The reinforcing, self-reported performance and physiological effects of Delta9-tetrahydrocannabinol, triazolam, hydromorphone, and methylphenidate in cannabis users.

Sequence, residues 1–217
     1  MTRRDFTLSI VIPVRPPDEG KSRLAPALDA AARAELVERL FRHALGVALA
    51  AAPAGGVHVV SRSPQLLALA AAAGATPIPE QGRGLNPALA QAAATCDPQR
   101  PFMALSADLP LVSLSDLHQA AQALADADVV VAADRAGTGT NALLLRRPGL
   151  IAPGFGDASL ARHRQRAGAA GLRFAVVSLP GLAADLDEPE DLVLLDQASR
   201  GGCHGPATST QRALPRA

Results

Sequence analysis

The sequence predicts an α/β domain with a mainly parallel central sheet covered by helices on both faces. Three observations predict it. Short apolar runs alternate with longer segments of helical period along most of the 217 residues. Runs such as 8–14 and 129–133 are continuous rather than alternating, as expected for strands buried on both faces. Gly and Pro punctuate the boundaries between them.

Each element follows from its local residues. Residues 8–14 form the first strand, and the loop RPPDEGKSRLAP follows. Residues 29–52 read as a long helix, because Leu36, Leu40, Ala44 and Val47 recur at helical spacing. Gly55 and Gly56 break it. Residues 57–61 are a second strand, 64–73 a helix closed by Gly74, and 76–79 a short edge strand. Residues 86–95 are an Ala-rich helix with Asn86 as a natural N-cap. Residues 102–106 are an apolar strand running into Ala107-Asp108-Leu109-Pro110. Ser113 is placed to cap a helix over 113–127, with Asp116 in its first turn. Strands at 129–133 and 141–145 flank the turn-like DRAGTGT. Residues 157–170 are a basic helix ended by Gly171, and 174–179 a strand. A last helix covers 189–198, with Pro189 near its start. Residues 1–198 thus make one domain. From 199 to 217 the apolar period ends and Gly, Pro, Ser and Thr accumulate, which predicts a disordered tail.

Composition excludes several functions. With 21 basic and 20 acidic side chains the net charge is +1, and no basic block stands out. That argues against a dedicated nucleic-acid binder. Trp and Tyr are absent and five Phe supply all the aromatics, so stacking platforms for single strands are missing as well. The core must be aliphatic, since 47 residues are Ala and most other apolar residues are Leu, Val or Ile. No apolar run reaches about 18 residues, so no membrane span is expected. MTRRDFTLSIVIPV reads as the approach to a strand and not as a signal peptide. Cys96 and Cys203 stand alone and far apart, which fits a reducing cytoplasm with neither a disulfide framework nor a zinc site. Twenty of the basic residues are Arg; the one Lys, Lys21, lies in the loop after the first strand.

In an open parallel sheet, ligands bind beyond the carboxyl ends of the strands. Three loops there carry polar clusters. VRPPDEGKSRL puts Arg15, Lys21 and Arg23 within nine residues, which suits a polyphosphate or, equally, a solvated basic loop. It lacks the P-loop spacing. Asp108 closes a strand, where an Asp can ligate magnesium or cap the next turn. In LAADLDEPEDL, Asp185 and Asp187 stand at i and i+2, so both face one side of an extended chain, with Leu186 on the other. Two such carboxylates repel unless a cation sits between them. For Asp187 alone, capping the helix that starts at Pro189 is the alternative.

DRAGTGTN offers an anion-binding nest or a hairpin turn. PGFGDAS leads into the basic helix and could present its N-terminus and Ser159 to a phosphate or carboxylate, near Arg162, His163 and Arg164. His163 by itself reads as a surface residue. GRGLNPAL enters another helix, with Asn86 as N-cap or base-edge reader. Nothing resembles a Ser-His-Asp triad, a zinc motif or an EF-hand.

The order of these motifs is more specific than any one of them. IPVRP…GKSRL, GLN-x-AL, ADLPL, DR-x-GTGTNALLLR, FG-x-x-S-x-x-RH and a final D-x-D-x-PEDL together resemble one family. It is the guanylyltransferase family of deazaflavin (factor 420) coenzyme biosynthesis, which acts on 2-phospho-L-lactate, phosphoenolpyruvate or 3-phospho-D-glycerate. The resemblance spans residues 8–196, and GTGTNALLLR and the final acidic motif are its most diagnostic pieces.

Cannabis sativa preparations are some of the most widely used illicit recreational drugs. In addition to their direct addictive potential, cannabinoids may influence the sensitivity to other drugs. The aim of the present study was to determine if a cross-sensitization between Delta(9)-tetrahydrocannabinol (Delta(9)-THC) and other drugs (amphetamine and heroin) could be demonstrated. We examined the effects of a chronic treatment with Delta(9)-THC (0.6, 3 and 15mg/kg, ip) on the locomotor response to amphetamine (1mg/kg, ip) and heroin (1mg/kg, ip). Chronic treatment with Delta(9)-THC resulted in tolerance to the initial hypothermic and anorexic effects. Pre-treatment with Delta(9)-THC increased the locomotor responses to amphetamine and heroin. This cross-sensitization was time-dependent as it was observed three days after the last injection of Delta(9)-THC for amphetamine, and a relatively long time after the end of chronic treatment (41 days) for heroin. Moreover, the enhanced response to amphetamine or heroin was noted in some individuals only: the high-responder rats (HR). These animals have previously been shown to be vulnerable to drug taking behaviors. It is hypothesised that repeated use of Cannabis derivates may facilitate progression to the consumption of other illicit drugs in vulnerable individuals.